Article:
Many people get braces, which can include power chains, when they’re younger. This is typically between the ages of 8 and 14. The facial bones of individuals in this age group are still growing, making the teeth easier to move.
However, adults can get braces and power chains, too. In fact, about
Power chains can be used in a variety of different situations. They’re most often used to close gaps between teeth or to generally ensure even spacing between teeth. They can also be used to help better align your teeth and jaw.
At the end of the day, whether a power chain is used depends on your individual treatment needs. Your orthodontist can evaluate the alignment of your teeth and jaw to determine if you need braces, with or without power chains.
How long will I need to wear power chains?
According to the American Dental Association, most people have braces for 1 to 3 years. The exact length of time that you have braces can depend on your individual situation.
Similarly, how long you’ll need to wear a power chain can vary depending on your treatment plan. Some people may need to wear power chains for several weeks while others may have them for several months.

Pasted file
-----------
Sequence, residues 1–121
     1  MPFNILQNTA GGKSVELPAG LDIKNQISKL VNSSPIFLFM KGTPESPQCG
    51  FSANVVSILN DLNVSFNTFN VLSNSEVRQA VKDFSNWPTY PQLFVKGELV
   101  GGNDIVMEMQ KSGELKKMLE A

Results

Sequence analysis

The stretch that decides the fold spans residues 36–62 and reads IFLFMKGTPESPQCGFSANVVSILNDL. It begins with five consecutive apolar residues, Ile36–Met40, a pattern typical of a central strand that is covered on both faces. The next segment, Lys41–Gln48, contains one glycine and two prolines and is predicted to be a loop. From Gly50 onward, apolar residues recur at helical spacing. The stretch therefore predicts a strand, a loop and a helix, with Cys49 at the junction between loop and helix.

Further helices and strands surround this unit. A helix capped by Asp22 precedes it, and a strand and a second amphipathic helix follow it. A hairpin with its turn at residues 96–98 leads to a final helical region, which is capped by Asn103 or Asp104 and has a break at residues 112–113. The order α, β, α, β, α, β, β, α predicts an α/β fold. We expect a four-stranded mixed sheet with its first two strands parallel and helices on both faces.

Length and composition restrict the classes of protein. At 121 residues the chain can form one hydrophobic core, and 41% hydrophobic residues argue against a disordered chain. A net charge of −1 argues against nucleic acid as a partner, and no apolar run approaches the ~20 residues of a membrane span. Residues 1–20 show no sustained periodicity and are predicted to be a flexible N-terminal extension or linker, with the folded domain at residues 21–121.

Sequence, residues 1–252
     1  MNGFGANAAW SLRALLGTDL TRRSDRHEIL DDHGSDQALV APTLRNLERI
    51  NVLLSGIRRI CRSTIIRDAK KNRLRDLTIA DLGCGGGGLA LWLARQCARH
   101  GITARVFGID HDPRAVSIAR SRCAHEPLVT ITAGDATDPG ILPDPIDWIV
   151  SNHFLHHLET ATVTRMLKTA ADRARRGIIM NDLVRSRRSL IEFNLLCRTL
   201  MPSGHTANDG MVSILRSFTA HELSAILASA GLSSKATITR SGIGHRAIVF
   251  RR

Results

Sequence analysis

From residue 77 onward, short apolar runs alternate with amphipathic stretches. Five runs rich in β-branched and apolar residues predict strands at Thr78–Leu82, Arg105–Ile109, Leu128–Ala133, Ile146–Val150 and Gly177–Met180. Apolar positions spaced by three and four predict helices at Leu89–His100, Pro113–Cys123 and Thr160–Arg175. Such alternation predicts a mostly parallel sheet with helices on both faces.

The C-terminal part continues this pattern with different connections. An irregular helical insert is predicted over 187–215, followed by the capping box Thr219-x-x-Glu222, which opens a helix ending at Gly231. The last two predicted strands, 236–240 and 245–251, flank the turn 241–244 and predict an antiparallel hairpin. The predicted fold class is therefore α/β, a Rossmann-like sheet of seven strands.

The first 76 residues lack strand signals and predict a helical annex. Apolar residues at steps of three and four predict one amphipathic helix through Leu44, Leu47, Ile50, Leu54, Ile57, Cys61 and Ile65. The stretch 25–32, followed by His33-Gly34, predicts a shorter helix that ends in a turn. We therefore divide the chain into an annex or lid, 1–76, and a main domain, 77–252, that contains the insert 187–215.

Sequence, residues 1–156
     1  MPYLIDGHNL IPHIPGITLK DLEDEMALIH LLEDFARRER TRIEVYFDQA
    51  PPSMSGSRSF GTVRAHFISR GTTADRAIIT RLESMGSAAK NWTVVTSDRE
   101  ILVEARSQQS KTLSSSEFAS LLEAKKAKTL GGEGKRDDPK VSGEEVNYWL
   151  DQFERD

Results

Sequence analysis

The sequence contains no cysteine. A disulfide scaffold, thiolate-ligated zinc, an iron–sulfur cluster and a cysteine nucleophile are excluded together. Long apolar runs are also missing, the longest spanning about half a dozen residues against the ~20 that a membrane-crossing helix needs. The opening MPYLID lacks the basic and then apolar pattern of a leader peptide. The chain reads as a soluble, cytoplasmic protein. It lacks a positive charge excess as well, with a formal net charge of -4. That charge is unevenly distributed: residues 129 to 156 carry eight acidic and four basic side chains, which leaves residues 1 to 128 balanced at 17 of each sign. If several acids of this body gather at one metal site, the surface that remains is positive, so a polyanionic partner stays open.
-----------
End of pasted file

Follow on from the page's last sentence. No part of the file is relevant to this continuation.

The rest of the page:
Generally speaking, there are three different types of power chains for braces. These are:
- Closed: There’s no space between the rings in the power chain. Instead, each ring is linked directly to the next ring in the chain. This type of power chain connects at every bracket.
- Short: Each ring in the chain is separated by a short distance. A short power chain connects at every other bracket.
- Long: The rings of the power chain are separated by an even longer distance. They connect to every third bracket.
What type of power chain is used will depend on your treatment plan. It’s possible that different types of power chains may be used at various stages in your treatment.
Taking care of your braces and power chains is very important. In order to accomplish this:
Brush after each meal
Food can collect around your braces and power chain, leading to plaque buildup. Try to brush your teeth after each meal. If you’re unable to brush your teeth, rinse your mouth with water.
Use a toothbrush with soft bristles. Try to be gentle in order to reduce stress on your braces and power chain.